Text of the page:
A few days ago, one of our clients experienced a data breach. The issue was reported to the Office of the Australian Information Commissioner. This can happen at random to anyone regardless of business size or income generated. No one is data breach-proof.
“I don’t have data worth stealing - I don’t store clients data - I don’t store credit card or payment details.”
DATA: can be accessed via your website and be a simple thing as an email address. It can be a user's full profile or it can be anything that is stored in the cloud. You may use online accounting software like Xero, you may use an email platform like MailChimp, You may store personal details either in software or in your Onedrive, Dropbox or Gdrive. Any unauthorised access is counted as a data breach.
80 million people around the globe are affected one way or another by data breaches. In the past 5 years, health care facilities have been the most targeted industry for cloud hacking. The intention of the attackers is clear, healthcare facilities store most of the critical and very personal identifiable data that can be used on the dark web.
What exactly is a data breach?
A Data Breach happens when sensitive information is infiltrated for unlawful reasons. It happens in various ways such as unauthorized access on a physical computer to download important information, bypassing computer networks, and with the advancement of cloud storage, hacking their way to get the information they want.
Is there a severity of lost data to be considered as a data breach?
Luckily, the Office of the Australian Information Commissioner has been diligently implementing the Privacy Act and is helping our community be a safer place for cloud data.
According to the OAIC “Agencies and organisations regulated under the Australian Privacy Act 1988 (Privacy Act) are required to notify affected individuals and the Office of the Australian Information Commissioner (OAIC) when a data breach is likely to result in serious harm to individuals whose personal information is involved in the breach. This page provides an overview of the scheme and information to help entities comply with these requirements and notify the OAIC and affected individuals when an eligible breach occurs. Our Data breach preparation and response guide provides detailed information, including a general framework, to help entities prepare for and respond to data breaches.If you are concerned that your own personal information may have been involved in a data breach, you may be interested in our data breach guidance for individuals.”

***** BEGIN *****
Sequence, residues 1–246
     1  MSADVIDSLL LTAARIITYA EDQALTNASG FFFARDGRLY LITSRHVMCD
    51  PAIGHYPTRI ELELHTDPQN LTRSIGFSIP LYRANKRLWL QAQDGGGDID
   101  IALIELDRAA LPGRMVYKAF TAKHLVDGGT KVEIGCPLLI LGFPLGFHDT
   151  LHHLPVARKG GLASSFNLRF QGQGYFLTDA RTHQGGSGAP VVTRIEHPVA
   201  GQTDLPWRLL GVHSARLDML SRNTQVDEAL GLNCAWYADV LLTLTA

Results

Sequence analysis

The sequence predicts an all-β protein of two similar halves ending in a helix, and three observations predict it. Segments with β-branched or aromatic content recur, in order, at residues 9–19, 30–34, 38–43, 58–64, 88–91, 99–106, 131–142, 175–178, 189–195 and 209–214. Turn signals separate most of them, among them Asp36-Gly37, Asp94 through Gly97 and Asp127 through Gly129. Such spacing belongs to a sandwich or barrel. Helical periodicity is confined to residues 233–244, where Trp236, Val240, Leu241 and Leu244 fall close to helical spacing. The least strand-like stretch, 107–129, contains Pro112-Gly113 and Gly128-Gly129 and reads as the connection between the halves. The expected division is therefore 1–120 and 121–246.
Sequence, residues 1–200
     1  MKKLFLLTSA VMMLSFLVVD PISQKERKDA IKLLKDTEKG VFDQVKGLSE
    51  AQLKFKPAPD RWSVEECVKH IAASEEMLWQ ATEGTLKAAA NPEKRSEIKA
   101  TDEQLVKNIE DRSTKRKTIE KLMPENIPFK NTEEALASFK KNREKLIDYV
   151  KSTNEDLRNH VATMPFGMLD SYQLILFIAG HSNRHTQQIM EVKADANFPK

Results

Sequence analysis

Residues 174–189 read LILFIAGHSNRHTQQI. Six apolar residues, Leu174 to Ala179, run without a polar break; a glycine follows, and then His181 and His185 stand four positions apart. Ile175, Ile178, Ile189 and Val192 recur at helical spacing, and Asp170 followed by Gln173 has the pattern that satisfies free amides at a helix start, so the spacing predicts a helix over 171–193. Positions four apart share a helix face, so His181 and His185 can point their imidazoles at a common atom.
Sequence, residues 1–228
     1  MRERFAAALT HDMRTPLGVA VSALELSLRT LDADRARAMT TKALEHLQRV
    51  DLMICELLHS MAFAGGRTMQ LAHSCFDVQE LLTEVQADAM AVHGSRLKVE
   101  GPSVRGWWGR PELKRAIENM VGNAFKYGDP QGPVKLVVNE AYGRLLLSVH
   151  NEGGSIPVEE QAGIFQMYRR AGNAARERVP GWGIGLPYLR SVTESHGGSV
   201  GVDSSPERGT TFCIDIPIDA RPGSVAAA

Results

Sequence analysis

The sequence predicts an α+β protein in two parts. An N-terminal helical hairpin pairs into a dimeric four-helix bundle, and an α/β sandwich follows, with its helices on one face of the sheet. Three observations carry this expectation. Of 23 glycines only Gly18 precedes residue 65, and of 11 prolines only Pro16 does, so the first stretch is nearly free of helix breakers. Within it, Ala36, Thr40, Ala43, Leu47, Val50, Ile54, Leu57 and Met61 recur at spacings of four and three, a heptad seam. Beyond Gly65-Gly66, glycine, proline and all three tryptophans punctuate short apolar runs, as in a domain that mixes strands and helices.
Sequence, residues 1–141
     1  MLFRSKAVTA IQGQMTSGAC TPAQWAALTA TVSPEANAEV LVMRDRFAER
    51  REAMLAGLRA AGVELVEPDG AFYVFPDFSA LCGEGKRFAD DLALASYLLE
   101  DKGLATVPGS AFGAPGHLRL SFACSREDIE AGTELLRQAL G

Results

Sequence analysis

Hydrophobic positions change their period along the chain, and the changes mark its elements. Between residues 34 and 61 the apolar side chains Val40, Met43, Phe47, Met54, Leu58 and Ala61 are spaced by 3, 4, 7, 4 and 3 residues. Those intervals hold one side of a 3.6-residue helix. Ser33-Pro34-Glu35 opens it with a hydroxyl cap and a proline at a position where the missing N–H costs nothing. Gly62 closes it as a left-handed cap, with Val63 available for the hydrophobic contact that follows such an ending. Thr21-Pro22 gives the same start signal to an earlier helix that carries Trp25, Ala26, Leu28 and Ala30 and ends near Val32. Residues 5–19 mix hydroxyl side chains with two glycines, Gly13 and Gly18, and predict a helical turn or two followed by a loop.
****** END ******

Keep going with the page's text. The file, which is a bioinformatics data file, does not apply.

What do you do when you suspect a Data Breach?
In line with the Privacy Act of 1988, the OAIC asks that the institute that is involved to assess the breach and identify whether it may impose harm to individuals affected.
Generally, the actions taken following a data breach should follow four key steps:
Step 1: Contain the data breach to prevent any further compromise of personal information.
Step 2: Assess the data breach by gathering the facts and evaluating the risks, including potential harm to affected individuals and, where possible, taking action to remediate any risk of harm.
Step 3: Notify individuals and the Commissioner, if required. If the breach is an ‘eligible data breach’ under the NDB scheme, it may be mandatory for the entity to notify.
Step 4: Review the incident and consider what actions can be taken to prevent future breaches.
Learn more about Data Breach Preparation and Response here.
It is also important to have a data breach policy in place so that when it happens you are prepared to deal with the situation as a legal matter. In general, entities should:
- take each data breach or suspected data breach seriously and move immediately to contain, assess and remediate the incident. Breaches that may initially seem immaterial may be significant when their full implications are assessed
- undertake steps 1 (Contain), 2 (Assess), and 3 (Notify) either simultaneously or in quick succession. In some cases, it may be appropriate to notify individuals immediately, before containment or assessment of the breach occurs
- determine how to respond on a case-by-case basis. Depending on the breach, not all steps may be necessary, or some steps may be combined. In some cases, an entity may take additional steps that are specific to the nature of the breach.